Yikes! I’m running behind schedule with today’s post. Today is blog tour day with my friend Pam, author of The Visionary published by Five Star.
Everyone who comments will have their name tossed in a hat to win a copy of The Visionary. And I’m sure Pam wouldn’t mind answering questions if you have any.
Award-winning author, Pamela S. Thibodeaux is the Co-Founder and a lifetime member of Bayou Writers Group in Lake Charles, Louisiana. Multi-published in romantic fiction as well as creative non-fiction, her writing has been tagged as, “Inspirational with an Edge!” ™ and reviewed as “steamier and grittier than the typical Christian novel without decreasing the message.”
Learn more about Pam by reading an interview I did with her back in 2008 HERE and by visiting the following links:
If The Visionary sounds like a story you can’t resist, then head over to Amazon or Barnes & Noble these links and purchase a copy.
Read more about Pam and The Visionary in the following interview:
Answer: When I first wrote The Visionary in a 5-subject notebook (where most of my stuff began way back when) I had in mind a sweet romance featuring m/f twins and their love interests. When I first typed the novel, I thought, “this is my light romance!” which was a great relief after some of my other work which dealt with subjects like domestic violence, grief, and betrayal. However, one day I sent off the first 3 chapters to a friend and her response was, “these twins are awful close, you need to be careful.” Of course that made me wonder Why? What happened to them or between them to make them so close (I couldn’t seem to tone down their intense feelings for one another). Then one day I walked out of my office into the living room where my husband sat watching a popular talk show. In a heart-wrenching scene the young man on the show apologized to his sisters because he couldn’t stop the abuse they suffered at the hands of their father. I swear, every drop of blood drained from my body and I began to argue with God…. No! Not that! Anything but that! I can’t write this! I have no experience in this! I’m not qualified as a minister or therapist! God….PLEASE….no. Three days of wavering, three days of arguing, three days of not being able to sit down and write a single word and God finally confronted me with…. “Who are you writing for anyway?” I capitulated and wrote the entire story in 4 months during the busiest time of year for a bookkeeper/tax preparer (Jan – April).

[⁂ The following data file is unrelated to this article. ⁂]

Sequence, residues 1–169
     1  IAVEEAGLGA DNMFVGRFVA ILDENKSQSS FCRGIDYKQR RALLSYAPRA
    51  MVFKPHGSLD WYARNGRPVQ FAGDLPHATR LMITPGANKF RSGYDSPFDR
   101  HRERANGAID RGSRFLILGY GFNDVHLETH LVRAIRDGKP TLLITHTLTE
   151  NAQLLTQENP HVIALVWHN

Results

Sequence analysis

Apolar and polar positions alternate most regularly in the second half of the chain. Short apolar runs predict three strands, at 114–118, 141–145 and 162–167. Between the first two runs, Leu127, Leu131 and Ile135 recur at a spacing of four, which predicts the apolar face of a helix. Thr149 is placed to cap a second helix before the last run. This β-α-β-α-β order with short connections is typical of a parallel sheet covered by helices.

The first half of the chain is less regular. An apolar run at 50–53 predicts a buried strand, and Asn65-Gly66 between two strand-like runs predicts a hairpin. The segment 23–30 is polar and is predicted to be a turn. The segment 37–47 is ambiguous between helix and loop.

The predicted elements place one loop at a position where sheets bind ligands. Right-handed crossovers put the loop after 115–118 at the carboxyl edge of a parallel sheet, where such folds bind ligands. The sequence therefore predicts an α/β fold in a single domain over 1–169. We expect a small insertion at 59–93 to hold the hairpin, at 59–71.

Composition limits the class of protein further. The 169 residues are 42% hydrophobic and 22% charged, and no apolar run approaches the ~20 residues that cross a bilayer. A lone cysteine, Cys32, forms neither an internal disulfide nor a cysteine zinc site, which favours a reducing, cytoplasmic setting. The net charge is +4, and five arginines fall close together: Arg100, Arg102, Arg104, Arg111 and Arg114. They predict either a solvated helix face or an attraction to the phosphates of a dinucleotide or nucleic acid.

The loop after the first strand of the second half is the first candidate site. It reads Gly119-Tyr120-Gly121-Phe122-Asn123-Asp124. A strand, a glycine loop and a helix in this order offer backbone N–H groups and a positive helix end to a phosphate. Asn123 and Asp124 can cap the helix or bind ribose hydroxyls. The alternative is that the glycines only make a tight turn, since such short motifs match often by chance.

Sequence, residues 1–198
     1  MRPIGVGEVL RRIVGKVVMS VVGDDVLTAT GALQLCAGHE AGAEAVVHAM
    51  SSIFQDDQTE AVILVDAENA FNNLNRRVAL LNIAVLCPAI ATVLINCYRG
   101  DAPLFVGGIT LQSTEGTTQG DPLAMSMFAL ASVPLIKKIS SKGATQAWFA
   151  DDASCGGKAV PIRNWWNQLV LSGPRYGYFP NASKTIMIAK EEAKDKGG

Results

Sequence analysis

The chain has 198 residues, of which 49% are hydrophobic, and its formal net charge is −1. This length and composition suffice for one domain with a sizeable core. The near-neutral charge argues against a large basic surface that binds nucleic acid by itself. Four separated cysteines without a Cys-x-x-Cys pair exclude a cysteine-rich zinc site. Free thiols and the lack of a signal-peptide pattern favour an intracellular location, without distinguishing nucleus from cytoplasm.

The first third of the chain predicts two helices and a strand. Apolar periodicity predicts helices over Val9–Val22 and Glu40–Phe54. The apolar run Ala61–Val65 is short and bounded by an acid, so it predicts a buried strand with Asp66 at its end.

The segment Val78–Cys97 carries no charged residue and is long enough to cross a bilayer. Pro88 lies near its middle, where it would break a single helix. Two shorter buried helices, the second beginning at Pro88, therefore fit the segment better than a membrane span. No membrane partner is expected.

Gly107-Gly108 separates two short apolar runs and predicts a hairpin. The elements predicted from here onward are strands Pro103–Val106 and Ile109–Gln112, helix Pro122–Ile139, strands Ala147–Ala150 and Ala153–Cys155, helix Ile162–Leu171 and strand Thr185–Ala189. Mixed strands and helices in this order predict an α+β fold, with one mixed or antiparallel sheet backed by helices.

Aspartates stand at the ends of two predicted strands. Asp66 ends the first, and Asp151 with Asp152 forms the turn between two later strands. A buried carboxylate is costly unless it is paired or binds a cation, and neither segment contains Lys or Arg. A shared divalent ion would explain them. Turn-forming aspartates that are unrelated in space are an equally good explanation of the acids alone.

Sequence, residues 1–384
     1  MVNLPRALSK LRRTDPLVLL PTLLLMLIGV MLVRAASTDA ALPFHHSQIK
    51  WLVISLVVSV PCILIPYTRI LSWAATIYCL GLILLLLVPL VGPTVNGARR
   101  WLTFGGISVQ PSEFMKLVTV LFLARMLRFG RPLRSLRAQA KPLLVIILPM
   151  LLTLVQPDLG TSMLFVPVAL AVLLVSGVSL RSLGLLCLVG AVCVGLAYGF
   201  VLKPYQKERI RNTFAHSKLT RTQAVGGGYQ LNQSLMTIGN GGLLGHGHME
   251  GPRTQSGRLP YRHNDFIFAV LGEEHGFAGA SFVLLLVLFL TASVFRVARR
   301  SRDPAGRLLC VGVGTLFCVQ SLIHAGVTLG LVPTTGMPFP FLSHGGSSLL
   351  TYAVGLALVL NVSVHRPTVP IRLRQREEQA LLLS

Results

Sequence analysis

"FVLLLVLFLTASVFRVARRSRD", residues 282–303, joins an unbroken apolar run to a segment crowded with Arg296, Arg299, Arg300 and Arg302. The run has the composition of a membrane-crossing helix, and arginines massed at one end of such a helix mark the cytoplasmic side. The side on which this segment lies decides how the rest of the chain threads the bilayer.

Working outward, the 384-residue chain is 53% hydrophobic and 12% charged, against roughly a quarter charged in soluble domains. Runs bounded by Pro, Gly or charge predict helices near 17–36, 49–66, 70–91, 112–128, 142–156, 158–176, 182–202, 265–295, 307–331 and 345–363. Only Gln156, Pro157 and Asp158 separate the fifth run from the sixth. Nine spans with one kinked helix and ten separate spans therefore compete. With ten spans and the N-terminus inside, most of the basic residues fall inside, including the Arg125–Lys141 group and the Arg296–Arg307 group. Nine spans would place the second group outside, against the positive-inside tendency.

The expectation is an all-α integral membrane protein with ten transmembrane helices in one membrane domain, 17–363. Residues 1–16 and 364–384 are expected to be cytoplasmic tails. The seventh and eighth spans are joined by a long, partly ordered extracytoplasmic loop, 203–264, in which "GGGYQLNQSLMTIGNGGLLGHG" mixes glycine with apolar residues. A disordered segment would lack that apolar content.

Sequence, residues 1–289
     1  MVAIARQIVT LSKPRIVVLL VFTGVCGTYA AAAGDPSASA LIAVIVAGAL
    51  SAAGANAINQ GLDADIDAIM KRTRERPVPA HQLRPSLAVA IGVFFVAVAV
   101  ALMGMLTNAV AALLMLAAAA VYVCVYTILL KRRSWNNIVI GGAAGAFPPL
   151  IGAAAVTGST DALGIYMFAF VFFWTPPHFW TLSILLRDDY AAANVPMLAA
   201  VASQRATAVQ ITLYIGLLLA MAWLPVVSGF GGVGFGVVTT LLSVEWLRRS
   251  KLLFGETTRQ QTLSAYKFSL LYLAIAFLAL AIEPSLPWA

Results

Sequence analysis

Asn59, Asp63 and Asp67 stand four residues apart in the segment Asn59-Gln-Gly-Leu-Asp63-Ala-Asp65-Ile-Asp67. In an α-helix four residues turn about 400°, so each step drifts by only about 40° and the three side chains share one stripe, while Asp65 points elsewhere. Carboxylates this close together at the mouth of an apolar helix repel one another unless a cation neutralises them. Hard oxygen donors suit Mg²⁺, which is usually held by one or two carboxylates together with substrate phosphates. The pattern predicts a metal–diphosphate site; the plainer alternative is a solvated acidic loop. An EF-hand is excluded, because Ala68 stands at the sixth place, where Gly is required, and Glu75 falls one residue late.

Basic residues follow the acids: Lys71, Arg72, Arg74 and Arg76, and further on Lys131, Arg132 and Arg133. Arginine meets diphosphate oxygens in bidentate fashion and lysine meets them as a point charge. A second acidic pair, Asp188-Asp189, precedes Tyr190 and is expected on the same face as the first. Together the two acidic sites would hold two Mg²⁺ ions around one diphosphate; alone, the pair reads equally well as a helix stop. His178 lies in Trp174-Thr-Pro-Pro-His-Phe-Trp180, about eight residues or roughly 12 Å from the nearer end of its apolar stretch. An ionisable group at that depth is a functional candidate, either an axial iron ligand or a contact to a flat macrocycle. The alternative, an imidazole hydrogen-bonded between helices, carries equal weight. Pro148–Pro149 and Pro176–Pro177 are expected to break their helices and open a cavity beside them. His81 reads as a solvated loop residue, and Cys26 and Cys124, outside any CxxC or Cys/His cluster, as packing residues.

Answer: The hardest part of writing The Visionary was depicting the gruesome abuse the twins suffered as children and then realistically portraying the healing available through the awesome power of God’s love and their struggle for relief from a past too horrendous to live with any longer.
Question: How did you come up with the concept and the setting?
Answer: Characters came first then setting for The Visionary I wanted to do a book around a set of M/F twins, don’t know why, just thought the concept would be interesting and I hadn’t read anything similar so I thought it would be something different. My family history goes back to the early settlers of Lake Charles, and I’d visited the old ‘LeBleu’ homestead so the idea that these twins would be hired to restore/remodel this home back into its previous grandeur and was supposed to be a light-hearted story until the twins revealed to me the horrific abuse they suffered as children. This has been my most difficult—yet most rewarding—books to write.
Answer: Yes, the research Taylor uncovers about the LeBleu estate is factual as I actually did the research into the family history myself. However, that homestead no longer exists—the family sold the property to a pipe manufacturing company.
Question: How much research did The Visionary take?
Answer: Other than the research into the LeBleu estate –which I enjoyed immensely—actually very little, after all, the book is set in the area where I grew up so the setting was very easy to incorporate.
Answer: That regardless of where you’ve been or what you’ve done the awesome love of God has the power to heal the most wounded of souls and to forgive the ugliest of sinners.